You don't have to look very hard to find some vitriol toward SAFe within the agile/Scrum community. I have my problems with SAFe (mostly Scaled Agile Inc. really) myself. I've never understood the venom directed at SAFe though.
I do remember having some antipathy toward Scrum when I first learned about it. My feelings toward Scrum are complex, much of which has to do with my preferences and personality, but it took some time to work that out. (I see its value these days.)
I think both cases had a common underlying issue however.
People tend to see a framework as a complete end state to implement. How you react to that depends heavily on where you're coming from.
If you've already internalized the agile mindset and principles, a framework like SAFe is going to look very regressive. There are significant elements of it that will feel like major steps backward, that feel less agile than what you're currently doing. In some important ways, you'd be right.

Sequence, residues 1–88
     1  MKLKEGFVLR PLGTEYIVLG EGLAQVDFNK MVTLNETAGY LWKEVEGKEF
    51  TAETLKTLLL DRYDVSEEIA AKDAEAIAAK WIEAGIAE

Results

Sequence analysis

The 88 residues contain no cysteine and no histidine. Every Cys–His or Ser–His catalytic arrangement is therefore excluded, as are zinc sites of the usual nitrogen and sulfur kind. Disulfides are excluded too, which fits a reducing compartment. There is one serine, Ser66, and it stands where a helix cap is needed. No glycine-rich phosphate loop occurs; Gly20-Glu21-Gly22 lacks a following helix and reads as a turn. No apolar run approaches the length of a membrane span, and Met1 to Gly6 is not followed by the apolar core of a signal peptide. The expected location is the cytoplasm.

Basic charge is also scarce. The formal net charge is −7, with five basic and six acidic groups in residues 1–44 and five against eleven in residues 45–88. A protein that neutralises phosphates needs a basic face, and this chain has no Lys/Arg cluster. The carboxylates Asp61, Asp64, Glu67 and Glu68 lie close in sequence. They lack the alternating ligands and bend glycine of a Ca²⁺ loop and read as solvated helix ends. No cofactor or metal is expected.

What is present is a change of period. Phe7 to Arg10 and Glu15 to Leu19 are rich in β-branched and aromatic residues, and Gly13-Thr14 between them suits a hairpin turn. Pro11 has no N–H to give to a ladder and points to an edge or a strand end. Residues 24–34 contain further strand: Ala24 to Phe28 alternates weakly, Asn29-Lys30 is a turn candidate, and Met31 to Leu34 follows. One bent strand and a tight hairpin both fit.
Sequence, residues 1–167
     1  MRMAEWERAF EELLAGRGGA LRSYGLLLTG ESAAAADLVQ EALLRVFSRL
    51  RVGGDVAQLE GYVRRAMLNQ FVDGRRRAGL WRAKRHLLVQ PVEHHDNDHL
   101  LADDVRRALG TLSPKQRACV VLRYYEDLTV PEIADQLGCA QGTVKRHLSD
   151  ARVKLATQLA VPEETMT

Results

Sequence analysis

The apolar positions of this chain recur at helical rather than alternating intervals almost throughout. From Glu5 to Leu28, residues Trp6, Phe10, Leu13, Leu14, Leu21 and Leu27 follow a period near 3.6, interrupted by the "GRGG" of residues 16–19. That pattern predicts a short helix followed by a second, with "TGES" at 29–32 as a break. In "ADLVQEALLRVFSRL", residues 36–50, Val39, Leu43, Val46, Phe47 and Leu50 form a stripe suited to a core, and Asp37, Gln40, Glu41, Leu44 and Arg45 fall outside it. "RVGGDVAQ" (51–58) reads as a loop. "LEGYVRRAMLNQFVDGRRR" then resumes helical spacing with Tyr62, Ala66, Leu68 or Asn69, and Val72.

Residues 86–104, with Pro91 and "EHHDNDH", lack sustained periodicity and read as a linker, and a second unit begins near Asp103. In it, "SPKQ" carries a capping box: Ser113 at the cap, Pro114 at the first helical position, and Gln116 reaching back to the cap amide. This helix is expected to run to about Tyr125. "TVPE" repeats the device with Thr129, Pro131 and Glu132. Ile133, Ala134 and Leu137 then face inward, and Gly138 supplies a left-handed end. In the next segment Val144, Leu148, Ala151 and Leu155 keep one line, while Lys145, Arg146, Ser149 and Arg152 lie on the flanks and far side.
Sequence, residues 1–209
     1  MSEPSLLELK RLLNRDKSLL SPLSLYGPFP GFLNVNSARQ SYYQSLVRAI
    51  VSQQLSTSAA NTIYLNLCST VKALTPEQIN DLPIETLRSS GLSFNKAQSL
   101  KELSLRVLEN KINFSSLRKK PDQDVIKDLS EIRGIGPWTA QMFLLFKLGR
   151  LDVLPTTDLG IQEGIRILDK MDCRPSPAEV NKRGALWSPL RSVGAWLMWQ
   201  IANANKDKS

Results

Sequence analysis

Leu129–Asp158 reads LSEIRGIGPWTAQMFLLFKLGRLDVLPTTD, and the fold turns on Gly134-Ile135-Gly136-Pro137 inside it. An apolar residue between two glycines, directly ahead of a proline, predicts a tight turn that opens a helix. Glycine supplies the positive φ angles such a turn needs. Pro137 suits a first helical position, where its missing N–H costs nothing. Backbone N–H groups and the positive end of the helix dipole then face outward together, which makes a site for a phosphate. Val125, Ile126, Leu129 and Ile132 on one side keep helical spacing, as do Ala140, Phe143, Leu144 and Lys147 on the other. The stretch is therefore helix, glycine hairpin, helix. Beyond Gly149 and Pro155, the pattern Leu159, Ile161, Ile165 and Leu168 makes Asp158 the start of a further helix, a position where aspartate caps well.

If you're just starting your agile journey, you view that same framework very differently. You see that framework as current best practice that, once implemented, will solve all of your problems. You see significant improvements over the way you're currently working (which generally includes no clear priorities, no dedicated teams, and no alignment). In some important ways, you'd be right.
Everyone would be better served viewing any proposed framework as a potential next state. Would adopting this framework, or elements of it, get us closer to our goal than we are today? Is it a reasonable place we can get to next, that we can then build off of to get to a new, better next state? If the answer is yes, the framework is something worth looking into. If not, then the framework isn't for you. If it isn't helpful to you, consider that it could be helpful to someone else.
If you view a framework as a potential end state, all you'll see are its flaws. If you view it instead as a potential next state, you'll see its virtues.